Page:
Catholic church honors fallen veterans on Memorial Day


Catholic church  honors fallen veterans on Memorial Day
June 01
00:05 2017

Waterloo, N.Y., was officially declared the birthplace of Memorial Day by then-President Lyndon Johnson in May 1966.  It was born to honor those from the Union who died during the Civil War until it was changed to honor all fallen heroes of any war following World War I.

For the second year, the congregation of St. Benedict the Moor Catholic Church held a special service to honor those in the armed forces who have passed away. 

The short service included singing from soloist Raymond O’Neil from the Gospel Renaissance Choir and piano playing from Jimmy Lowery, choir director of New Jerusalem and Big 4 Choirs.  Also included were the words from war veterans.

Issac “Ike” Howard, a veteran and past president of Winston-Salem Chapter of the NAACP, was the main speaker and spoke about the history of Memorial Day and his time in the armed forces.  He went on to tell the audience that the fight is not over, as blacks are still fighting for similar issues they were 40 years ago no matter how subtle they may be.

“The war for freedom is still on,” he said.  “The battle is still here for freedom and civil rights.  We as a nation are being challenged for our true purpose of freedom, justice and equality.”

Howard closed his message by quoting a snippet from President Abraham Lincoln’s Gettysburg Address.  He says that if you did not know it was from the address, you would have thought someone today had written it because many of the themes are still prevalent to this day.

Jerry Hanes, a U.S. Army veteran who served in the Vietnam War, also took to the podium.  He spoke about the negative reception blacks received once they returned home from the war.  He said theprevailing thought was that blacks would be treated differently once they returned home but was saddened to see things they were as they were when they left.  He implored everyone to continue with the fight for justice and equality.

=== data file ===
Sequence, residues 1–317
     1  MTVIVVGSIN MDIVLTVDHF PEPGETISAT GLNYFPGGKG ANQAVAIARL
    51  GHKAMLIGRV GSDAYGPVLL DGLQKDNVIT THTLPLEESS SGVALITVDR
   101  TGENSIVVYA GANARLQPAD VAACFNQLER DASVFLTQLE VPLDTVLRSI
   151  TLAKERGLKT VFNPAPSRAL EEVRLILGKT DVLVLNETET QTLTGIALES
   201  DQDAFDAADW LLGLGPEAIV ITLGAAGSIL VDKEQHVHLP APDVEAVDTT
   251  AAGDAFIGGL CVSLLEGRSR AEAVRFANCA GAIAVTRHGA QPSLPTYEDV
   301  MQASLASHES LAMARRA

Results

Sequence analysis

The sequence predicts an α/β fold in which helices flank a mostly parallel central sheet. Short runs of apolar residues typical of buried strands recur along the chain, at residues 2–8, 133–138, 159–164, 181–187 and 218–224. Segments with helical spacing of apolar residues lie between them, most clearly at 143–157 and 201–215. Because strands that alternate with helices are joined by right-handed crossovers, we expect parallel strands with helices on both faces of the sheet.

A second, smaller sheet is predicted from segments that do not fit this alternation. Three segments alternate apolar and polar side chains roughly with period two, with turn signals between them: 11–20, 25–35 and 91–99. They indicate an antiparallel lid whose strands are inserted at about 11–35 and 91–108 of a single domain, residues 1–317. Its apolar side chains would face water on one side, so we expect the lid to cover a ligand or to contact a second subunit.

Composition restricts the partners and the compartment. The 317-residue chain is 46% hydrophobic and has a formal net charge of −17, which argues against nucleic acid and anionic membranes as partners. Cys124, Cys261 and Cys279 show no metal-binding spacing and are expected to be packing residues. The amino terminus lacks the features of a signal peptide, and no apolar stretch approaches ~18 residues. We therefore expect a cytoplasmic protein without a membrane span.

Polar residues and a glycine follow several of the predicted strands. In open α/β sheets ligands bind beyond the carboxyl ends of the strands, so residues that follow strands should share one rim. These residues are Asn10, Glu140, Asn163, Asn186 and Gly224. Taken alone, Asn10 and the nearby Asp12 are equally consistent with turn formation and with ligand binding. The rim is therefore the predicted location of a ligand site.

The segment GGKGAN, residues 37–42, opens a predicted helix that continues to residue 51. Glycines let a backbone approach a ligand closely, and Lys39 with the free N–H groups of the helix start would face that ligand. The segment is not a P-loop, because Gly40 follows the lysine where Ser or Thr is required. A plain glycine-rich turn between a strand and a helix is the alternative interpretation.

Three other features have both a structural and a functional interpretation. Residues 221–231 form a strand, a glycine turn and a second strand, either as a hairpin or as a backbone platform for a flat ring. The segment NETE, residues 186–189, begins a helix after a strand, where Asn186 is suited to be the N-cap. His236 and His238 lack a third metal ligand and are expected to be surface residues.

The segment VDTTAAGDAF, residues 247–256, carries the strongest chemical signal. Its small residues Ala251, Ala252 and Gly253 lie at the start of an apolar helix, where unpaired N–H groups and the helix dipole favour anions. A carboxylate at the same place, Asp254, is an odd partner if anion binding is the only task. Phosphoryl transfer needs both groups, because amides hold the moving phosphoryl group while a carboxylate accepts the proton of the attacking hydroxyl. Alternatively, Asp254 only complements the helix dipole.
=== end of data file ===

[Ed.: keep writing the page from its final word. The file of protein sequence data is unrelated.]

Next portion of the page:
Paul Sutherland, commander of American Legion Post 128, spoke about his time with the American Legion once he left the military. He expressed his appreciation for Memorial Day and the sacrifices those who served before him in the military had made to pave the way for him and other blacks.

“This day is important because when you look at who is in office now, they are trying to reinstitute the same things we fought for 150 years ago,” he continued.  “They are trying to reverse any progress we have made and we must remember what we fought for during the Civil War.”

Those in the audience were elated with the service.  Ben Piggott, director of Carl H. Russell Sr. Community Center, said we must never forget the meaning of this day because of all the unsung heroes that have died in war fighting for equality.

“We are blessed just to be able to walk the streets in this country and that is partly due to the efforts of our veterans,” Piggott said.  “We would not have the freedom we have now if it were not for the veterans.  Every child needs to know this and needs to salute the veterans for protecting this land.”

St. Benedict pastor, Father Basile Sede, thought when they had this service last year it was great, so he definitely wanted to bring it back this year.  He says it is important to remember those who have passed in service because history is a big part of human development.

“We have got to thank God and be fearful and remain grateful because what we are enjoying today is thanks to the labor and swea of those who have died for us,” said Sede.  “That is why the whole idea of Memorial Day is so important to me.”

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Timothy Ramsey

Timothy Ramsey

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